In his 1988 published introduction “Was ist Religionswissenschaft?” Hans-Jürgen Greschat—who taught history of religions at the University of Marburg—established a similar borderline between theology and religious studies: While the latter apprehends her objects of study according to their own categories and standards theology applies categories which are coined by the Christian tradition. He stated that if religious studies are conducted by theologians non-Christian phenomena will probably become assimilated to a Christian hermeneutical frame of reference and thus be usurped. The cultural turn of religious studies, its methodological paradigm-shift from a phenomenological to a culture-analytic approach has deepened the gap between the siblings.
The more religious studies emancipated from the inclusion into theology and developed as a distinct academic discipline, the more the chairs for religious studies tended to leave the theological faculties and institutionalize itself in the humanities as an own branch of historical and cultural studies. In this process of emancipation it formed its academic self-understanding frequently in a sharp and sometimes even polemical distinction from theology. Theology became regarded as an ideological enterprise which lacks scientific integrity. That argument quite often is used to demand for institutional (including financial) support of religious studies by the universities at the cost of theology.
CTh now seems to be located right in the middle of religious studies and theology and thus gets entangled in their rivalry. It claims to be a theological enterprise which is rooted in religion as opposed to stand beyond and teach about religion. It sticks to the truth-claims of Christian faith and asks—like Ernst Troeltsch did—for the validity of religious ideas and practices, as well as for criteria of judging religious phenomena. Thus it does not strive for religious neutrality  but presents itself as a normative approach. It differs from the ‘old’ CTh (which originated from Schleiermacher and found its fully developed form in Troeltsch) by turning to specific phenomena and does not try to create “ideal-types”. Its method is micrologic, not macrologic. It shares that methodological turn with present comparative religious studies (“Vergleichende Religionswissenschaft”) which also works on the microlevel, asking from there for functions and structures of religious appearances.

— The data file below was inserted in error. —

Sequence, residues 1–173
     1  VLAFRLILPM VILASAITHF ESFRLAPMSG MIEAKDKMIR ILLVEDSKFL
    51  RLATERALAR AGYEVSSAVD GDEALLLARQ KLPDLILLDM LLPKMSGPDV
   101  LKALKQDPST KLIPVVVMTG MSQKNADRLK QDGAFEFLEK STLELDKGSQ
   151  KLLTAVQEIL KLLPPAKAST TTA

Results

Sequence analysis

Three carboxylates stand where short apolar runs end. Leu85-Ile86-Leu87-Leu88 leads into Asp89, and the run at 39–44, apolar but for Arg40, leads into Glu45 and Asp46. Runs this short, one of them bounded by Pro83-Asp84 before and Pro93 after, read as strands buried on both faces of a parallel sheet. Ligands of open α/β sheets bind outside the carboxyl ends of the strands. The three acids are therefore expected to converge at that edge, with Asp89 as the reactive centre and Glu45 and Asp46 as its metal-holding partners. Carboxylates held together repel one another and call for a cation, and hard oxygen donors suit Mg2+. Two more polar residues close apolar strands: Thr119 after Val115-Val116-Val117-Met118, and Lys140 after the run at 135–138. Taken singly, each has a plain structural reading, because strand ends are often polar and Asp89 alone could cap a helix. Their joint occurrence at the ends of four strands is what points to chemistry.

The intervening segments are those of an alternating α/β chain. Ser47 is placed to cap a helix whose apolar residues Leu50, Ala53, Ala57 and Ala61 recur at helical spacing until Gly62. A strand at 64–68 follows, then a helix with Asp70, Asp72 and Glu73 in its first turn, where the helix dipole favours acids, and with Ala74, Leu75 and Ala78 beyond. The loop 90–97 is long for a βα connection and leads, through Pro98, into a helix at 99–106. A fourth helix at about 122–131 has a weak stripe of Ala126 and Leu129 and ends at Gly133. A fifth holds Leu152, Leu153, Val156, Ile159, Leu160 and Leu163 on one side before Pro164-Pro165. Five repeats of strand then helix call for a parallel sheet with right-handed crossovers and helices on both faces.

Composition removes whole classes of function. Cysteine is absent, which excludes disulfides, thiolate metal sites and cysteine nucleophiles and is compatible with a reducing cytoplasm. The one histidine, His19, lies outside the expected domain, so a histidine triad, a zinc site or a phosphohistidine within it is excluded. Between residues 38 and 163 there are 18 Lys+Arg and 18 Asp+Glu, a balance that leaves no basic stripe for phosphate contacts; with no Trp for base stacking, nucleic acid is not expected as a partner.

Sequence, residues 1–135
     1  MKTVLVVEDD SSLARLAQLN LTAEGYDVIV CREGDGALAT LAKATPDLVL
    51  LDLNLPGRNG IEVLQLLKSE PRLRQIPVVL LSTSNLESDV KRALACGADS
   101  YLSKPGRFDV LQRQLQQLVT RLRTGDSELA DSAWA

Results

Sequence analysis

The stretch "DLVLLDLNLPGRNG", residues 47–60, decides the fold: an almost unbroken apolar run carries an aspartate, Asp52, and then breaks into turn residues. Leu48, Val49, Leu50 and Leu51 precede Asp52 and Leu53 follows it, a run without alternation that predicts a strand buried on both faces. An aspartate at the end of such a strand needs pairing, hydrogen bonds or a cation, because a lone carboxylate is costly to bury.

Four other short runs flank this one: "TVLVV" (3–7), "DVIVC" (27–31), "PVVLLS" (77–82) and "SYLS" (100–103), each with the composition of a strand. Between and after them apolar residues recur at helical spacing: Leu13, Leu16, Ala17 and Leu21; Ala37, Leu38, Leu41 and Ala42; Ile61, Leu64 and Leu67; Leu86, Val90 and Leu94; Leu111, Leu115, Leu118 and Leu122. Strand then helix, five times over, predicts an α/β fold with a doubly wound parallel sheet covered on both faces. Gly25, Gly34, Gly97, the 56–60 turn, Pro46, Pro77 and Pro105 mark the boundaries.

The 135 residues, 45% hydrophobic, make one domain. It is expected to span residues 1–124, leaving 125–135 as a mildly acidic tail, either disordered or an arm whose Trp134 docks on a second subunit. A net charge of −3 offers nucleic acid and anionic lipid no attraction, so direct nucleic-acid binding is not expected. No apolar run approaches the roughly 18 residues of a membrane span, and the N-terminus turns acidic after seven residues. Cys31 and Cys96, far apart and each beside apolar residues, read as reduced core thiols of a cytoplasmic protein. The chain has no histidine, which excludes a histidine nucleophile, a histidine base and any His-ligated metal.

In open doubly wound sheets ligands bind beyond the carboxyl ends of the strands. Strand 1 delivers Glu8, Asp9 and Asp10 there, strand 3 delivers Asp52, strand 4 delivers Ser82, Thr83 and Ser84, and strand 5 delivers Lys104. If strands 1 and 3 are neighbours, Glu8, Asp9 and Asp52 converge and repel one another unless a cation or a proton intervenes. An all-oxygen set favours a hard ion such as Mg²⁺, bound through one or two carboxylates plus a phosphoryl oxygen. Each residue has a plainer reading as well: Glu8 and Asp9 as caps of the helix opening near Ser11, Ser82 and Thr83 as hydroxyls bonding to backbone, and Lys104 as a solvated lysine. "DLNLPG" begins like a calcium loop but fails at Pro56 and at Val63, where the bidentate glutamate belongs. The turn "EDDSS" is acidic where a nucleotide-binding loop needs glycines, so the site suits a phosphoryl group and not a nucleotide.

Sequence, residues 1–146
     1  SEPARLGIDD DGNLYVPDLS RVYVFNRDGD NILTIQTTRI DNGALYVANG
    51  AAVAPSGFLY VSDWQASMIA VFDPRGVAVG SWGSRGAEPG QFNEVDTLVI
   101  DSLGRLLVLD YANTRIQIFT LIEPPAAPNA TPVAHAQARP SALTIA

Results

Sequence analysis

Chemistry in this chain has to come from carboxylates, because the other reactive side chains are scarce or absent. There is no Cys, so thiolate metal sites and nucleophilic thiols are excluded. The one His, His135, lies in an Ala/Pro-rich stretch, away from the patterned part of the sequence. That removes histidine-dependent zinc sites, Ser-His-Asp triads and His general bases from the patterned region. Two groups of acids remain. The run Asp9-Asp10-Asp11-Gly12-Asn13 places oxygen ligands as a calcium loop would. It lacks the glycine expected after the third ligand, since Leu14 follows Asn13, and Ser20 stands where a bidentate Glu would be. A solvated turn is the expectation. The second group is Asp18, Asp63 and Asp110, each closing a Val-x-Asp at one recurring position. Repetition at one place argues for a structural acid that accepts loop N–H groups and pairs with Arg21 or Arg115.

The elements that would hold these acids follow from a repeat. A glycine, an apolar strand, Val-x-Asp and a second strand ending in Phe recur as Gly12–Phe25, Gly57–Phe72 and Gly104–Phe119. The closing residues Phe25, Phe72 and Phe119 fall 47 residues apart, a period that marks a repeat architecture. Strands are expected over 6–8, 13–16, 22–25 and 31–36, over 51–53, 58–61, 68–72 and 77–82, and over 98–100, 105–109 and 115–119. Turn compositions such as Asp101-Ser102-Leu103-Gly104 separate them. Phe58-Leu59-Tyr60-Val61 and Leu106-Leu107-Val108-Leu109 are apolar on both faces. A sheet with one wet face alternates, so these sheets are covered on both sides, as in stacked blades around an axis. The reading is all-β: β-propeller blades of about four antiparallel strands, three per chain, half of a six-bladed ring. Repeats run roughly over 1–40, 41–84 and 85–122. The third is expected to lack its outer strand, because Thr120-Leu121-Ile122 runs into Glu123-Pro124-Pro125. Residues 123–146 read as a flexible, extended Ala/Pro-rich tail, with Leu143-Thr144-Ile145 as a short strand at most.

The critical questions from both sides—from the side of religious studies and from the side of theology—are similar to those which were addressed by Ernst Troeltsch and his companions.
3. Criticism from the Side of Religious Studies
Scholars of religious studies ask critically: Does CTh ‘theologize’ the comparative method of religious studies and—as a consequence—lead to a backlash of the emancipation of religious studies from theology in the 20th century? CTh seems to restore the model of integration and to revitalize the agenda of the “Religionsgeschichtliche Schule”. The difference to that movement lies in its reference not so much to the history of religions but to its present manifestations. But that makes things even worse in the eyes of the critics.
Jürgen Mohn, who teaches religious studies at the University of Basel, states a clear cut difference between comparative religious studies and CTh. It relates to the truth-question and concerns the method of CTh as he noticed it in the work of James Fredericks . In his comparisons between the notions of “person” in the Buddhist philosophy of Dōgen and in Trinitarian theology  Fredericks—according to Mohn—relates the Buddhist tradition immediately to ‘his’ Christian tradition and thus enters into a dialogue. As distinct from a dialogue, a comparison (and all the more a methodological testable comparison) needs a third level (tertium comparationis). It needs a perspective which is different from the self-understanding of the traditions and it needs categories which are not interwoven by them. Otherwise one falls back into what Mohn calls a “self-comparison” of the ‘own’ with the ‘other’ (“Selbstvergleich mit dem Fremden” ), which on the basis of the own religious tradition tries to determine similarities and differences in the other tradition, in order to deepen the understanding of the own tradition. The problem of such a method of relating the ‘other’ to the ‘own’ lies in transferring tradition-specific concepts like “ontology” or “salvation” to the other tradition to which they do not comply. The result may be a better understanding of the one’s tradition but at the cost of possibly misunderstanding the other.